Creativity as a concept remains hard to pin down. Many view the ability to find creative solutions as the pinnacle of creative leadership. Artists, designers, visionaries and thought leaders are all admired for the power of their ideas, i.e. for their creativity. Creativity is a well-researched topic, covered in many popular science and business economics books. Yet we continue to struggle with the mystique created around the topic, and the intimidating notion that this is a territory reserved for the so-called “Creatives”.
You are not able to stand still in this fast paced business environment, but most of the time innovation fails. Innovation process-expert Robert Cooper shows that of every seven new product/service projects, about four enter development, 1.5 are launched, and only one succeeds. Innovation is so difficult to master, indeed. I love to share with you five reasons why innovation goes wrong and give you ten ways to reduce your failure rate of innovation.
Have you ever shared new big ideas at work? What happened…? Did they give you a standing ovation? Did someone bake you a cake to celebrate? Did you get promoted? Or I am a little too optimistic?
Entrepreneur and investor Chinedu Echeruo urges aspiring entrepreneurs to not look for ideas, but to discover new ideas through activity and action. Rather than seeing creativity as an abstract concept, Echeruo argues that it be used as a tool to unleash value in the world.
There has been a lot of buzz around designing new and innovative business models. But what does it mean to design a new business model? How do you apply design thinking to business model innovation?
One of the most critical professional challenges that employees face today is being able to successfully manage positive change within their organization. Innovation is has become a watch word, with so many divisions not being able to find enough valuable ideas and then successfully manage those ideas into a commercial offering that sometimes companies even respond to customer tickets and bugs and simply label those results as “innovation.”
Where do great ideas come from? Obviously they come from many sources, which means that your systematic innovation process has to support and sustain multiple efforts at ideation in parallel. In the following article we will explore some promising ways that you may be able to find ideas that will take your own business forward.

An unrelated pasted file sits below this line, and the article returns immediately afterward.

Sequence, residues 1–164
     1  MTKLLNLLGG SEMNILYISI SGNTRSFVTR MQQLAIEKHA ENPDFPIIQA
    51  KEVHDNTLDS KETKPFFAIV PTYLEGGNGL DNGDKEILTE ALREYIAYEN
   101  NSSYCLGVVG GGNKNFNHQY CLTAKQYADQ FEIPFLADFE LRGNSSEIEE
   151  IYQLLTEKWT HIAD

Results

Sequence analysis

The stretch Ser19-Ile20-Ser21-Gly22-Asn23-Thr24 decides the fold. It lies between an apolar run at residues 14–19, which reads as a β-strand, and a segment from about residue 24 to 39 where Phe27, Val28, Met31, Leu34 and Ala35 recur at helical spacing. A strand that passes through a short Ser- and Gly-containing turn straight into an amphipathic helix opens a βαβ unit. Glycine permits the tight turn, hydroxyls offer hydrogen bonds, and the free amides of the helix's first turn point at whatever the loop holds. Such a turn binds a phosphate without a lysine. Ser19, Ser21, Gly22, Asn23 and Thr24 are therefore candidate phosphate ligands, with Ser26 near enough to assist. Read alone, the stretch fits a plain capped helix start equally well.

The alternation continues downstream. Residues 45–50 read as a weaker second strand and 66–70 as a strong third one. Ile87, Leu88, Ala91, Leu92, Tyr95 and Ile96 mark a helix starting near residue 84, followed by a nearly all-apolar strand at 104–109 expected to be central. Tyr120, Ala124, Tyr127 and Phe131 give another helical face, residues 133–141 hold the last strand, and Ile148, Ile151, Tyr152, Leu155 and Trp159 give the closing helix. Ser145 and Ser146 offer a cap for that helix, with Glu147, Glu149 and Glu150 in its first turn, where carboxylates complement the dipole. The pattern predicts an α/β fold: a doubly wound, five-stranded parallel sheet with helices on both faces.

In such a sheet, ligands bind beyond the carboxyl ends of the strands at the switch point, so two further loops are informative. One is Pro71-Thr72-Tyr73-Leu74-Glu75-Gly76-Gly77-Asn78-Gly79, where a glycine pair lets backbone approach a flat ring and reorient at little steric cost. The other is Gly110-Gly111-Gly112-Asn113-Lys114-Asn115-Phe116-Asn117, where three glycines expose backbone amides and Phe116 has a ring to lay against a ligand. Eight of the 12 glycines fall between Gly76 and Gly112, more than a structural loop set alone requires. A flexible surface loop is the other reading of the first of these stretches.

Your greatest innovation opportunity may be right in front of you. The problem is you don’t see it. Every day for the last decade of your life this problem has annoyed and frustrated you. Its solution is worth billions of dollars and would open up a totally new market. The problem is, like the millions of other people who have this problem, you don’t think of it as a problem anymore. You’ve been desensitized. You’ve lost your ability to innovate because of something called habituation.
In today’s crowded marketplace a new product is only as good as its packaging and marketing campaigns. How can you make it stand out from the competition? How can you update the design of your product without alienating your customer? The new book “Creative Anarchy: How to Break the Rules of graphic Design for Creative Success” provides ideation techniques and creative tools to push boundaries and expectations while preserving the function and message of the design.
Before any organization can reap the economic benefits of open innovation, it must overcome a number of legal, operational and cultural challenges. In this article Peter von Dyck addresses the top three obstacles to open innovation: managing intellectual property issues and other legal risks, processing ideas quickly and establishing an efficient internal structure.
The essence of agility is the ability to respond to new and different conditions. You cannot continue repeating the same old operating formula long beyond its utility or you will be left behind. Are you prepared to adapt to the profuse variety of new circumstances with new tactics and strategies? The principles of Agile that we examine in the next three chapter excerpts of Agile Innovation will help you understand what you need to do.
The four simple axioms in the “The Manifesto for Agile Software Development” express the core values for getting work done efficiently. In the last chapter excerpt of Agile Innovation we looked at individuals and interactions as well how to create a rapid working prototype. Today we’ll continue discussing the next elements: collaboration and carrying out change in a corporate setting.
With the increase of, and dramatic improvement in, mind mapping software and its emergence as a value-adding toolkit conveniently available for use on our computers, laptops, tablets, etc. signifies that mind-mapping can be used within an every-day working environment. Jamie MacDonald takes a closer look at six uses for mind mapping in business situations that most of us engage in on a frequent basis.
Dr. Stephen Sweid has conducted more than a hundred structured group brainstorming sessions in recent years, as well as many one-to-one discussion sessions as a consultant and trainer. He has observed a number of common patterns related to timing and evolution of the brainstorming process.
Countless articles argue: To remain competitive, companies need to consistently build their innovation portfolio. Value-oriented improvement and new developments must permeate the business. This article discusses a structured approach, known as a Rapid Innovation Cycle, which brings a repeatable process to innovation, empowering individuals to contribute more and organizations to look beyond themselves—all leading to a higher success rate.